Flashback Friday: GMC’s Monster 702ci V12 “Twin-Six” engine

While the engine may look like two GMC V6 engine blocks welded together, the block is actually one single piece. The bore centers were increased to increase cooling, and the “Twin-Six” name stems from the fact that there are a lot of major components that are interchangable between this engine and the GMC V6 engine of the time.

When you hear “V12”, you probably think of some exotic performance car with a decidedly European name, RPM through the moon, and an exhaust note reminiscent of a Formula One car. (Hopefully it’s not just us.) However, there exists a domestic V12 engine, produced by GMC in the mid-1960s, that is the exact opposite of all that.

While the name implies it might be two 351-cube V6 engines mated to one another, that not the case at all. It’s a one-piece cast block, with increased bore spacing – not for a bigger bore and more displacement, but rather for additional cooling around each cylinder. Where the “Twin-Six” name comes from is the fact that it utilized almost 60 major components from the GMC V6 engines at the time.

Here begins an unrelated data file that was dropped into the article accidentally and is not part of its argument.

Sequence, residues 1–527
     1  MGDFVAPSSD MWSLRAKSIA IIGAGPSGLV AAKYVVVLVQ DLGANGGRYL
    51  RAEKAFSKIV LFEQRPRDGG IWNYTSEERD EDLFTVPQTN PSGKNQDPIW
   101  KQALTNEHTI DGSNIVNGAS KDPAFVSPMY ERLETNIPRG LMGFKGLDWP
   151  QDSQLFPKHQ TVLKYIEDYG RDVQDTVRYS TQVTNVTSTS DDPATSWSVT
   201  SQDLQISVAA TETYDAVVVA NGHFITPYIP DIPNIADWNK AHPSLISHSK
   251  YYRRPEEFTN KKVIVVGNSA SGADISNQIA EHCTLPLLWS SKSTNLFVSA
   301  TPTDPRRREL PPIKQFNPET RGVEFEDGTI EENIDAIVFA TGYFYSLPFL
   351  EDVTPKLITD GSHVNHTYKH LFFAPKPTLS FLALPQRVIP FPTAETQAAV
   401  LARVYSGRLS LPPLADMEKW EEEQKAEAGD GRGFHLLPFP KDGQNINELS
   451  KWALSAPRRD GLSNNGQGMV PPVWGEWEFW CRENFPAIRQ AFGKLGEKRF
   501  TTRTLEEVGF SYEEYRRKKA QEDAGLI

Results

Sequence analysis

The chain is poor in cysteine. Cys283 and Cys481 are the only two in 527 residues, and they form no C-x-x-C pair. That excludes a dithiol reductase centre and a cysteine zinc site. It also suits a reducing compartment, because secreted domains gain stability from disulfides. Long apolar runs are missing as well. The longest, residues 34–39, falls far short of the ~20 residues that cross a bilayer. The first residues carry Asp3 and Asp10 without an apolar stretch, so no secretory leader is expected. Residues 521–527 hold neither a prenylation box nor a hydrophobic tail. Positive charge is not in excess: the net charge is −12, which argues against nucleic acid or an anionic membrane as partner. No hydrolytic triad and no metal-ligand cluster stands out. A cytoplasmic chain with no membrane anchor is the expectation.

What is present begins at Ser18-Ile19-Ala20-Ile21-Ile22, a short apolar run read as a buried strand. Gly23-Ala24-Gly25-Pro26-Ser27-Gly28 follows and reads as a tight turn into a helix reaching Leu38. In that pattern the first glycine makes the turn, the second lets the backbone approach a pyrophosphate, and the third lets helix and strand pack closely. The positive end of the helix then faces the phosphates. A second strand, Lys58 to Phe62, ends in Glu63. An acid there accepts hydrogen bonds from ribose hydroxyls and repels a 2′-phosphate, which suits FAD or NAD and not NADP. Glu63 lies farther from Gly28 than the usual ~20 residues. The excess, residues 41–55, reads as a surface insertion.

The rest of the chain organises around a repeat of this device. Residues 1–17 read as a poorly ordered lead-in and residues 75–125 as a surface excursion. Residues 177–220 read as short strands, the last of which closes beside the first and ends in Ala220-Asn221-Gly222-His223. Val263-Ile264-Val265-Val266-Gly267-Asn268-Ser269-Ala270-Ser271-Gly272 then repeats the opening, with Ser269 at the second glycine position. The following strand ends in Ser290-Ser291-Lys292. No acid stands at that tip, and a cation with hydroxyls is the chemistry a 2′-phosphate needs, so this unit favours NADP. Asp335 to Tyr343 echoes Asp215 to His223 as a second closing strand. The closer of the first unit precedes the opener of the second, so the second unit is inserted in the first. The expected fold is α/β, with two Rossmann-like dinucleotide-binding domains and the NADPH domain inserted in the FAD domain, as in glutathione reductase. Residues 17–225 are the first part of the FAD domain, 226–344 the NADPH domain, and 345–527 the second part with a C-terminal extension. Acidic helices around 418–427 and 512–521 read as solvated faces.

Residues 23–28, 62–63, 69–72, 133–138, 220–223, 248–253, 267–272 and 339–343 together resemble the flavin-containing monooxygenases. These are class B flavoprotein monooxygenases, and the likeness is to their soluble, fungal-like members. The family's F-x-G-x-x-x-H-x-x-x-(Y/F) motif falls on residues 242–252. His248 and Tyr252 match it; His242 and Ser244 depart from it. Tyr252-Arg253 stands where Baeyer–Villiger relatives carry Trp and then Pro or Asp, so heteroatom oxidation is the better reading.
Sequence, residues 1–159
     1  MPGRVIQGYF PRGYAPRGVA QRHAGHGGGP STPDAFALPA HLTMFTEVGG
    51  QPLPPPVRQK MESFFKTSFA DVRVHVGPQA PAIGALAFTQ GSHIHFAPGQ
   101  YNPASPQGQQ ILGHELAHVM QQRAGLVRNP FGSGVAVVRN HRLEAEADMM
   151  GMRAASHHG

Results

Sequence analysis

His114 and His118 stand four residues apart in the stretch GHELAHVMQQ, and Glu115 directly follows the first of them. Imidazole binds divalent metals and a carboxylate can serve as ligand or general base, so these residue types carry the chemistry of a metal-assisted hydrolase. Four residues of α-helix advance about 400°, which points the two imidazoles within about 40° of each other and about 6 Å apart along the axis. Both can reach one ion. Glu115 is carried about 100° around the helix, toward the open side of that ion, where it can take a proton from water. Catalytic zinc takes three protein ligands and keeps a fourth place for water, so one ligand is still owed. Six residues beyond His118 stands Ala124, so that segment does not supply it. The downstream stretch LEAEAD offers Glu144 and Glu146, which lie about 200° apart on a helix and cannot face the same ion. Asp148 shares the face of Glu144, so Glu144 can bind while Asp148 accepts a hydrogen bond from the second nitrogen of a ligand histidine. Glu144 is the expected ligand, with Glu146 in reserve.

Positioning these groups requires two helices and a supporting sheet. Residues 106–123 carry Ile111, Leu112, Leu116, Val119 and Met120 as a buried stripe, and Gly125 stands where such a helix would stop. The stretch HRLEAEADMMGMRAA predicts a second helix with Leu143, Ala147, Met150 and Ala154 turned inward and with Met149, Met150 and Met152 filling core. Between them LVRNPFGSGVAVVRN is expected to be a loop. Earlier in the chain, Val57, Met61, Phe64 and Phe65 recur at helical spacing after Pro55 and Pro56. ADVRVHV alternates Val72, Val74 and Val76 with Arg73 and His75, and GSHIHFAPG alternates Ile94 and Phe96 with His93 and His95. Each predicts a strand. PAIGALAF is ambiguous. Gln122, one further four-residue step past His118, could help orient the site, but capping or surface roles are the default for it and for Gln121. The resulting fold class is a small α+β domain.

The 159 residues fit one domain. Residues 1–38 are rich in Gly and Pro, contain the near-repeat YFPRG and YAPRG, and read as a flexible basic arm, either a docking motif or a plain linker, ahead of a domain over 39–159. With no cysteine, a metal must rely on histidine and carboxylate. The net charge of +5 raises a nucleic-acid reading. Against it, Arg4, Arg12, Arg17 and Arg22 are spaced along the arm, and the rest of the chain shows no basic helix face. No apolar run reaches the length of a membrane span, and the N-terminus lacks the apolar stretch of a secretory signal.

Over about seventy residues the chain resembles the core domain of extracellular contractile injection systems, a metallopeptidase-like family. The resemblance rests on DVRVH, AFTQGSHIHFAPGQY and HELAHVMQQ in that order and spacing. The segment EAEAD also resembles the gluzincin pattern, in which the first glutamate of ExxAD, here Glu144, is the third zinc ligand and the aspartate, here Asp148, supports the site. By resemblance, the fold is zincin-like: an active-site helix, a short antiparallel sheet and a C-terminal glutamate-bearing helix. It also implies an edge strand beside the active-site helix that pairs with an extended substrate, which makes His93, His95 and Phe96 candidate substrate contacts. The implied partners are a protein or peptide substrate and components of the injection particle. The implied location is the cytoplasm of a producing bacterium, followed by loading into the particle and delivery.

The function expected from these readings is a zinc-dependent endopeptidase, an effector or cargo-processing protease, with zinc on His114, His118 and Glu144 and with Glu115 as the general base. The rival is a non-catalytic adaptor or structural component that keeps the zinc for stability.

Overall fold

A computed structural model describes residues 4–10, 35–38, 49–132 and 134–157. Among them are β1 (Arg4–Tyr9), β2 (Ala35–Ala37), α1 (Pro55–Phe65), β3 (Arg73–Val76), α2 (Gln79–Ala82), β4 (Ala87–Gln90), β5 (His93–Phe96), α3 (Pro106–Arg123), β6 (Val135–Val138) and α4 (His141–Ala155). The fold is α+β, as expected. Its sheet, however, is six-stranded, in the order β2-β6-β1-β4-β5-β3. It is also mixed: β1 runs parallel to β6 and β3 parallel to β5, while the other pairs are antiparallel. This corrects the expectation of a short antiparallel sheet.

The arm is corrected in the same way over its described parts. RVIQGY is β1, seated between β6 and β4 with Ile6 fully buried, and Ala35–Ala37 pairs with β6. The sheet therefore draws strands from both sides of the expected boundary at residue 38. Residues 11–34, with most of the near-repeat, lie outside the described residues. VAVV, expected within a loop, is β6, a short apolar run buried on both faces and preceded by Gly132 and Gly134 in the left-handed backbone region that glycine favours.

With a massive 4.560-inch bore and a 3.580-inch stroke, high-RPM performance wasn’t the Twin-Six’s intended playground. Rather it was designed to be used in commercial vehicles and industrial and agricultural applications. Tipping the scales around 1,500 pounds (about the weight of an early Honda Civic CRX), and with features like one-and-a-quarter-inch wrist pins, four piston rings per piston, two distributors, three thermostats, and 56 head holts, the name of this engine’s game was reliability.

Surprisingly, the Twin-Six engine didn’t make much power by today’s standards, instead offering up a diesel-like 275 horsepower at 2,500 rpm with peak torque of 630 lb-ft coming in at only 1,600 rpm. However, its powerband has actually earned the engine distinction by being able to operate so low in the RPM range, on gasoline.

For the full scoop on this impressive engine of yesteryear, along with some cool videos of it being used in a couple of hot rods, check out former-editor Mike Magda’s article HERE.

About the author

Greg Acosta

Greg has spent over a decade in automotive publishing as Senior Editor of Race Pages magazine. In his free time, he is a firearms instructor and volunteer in the police armory.
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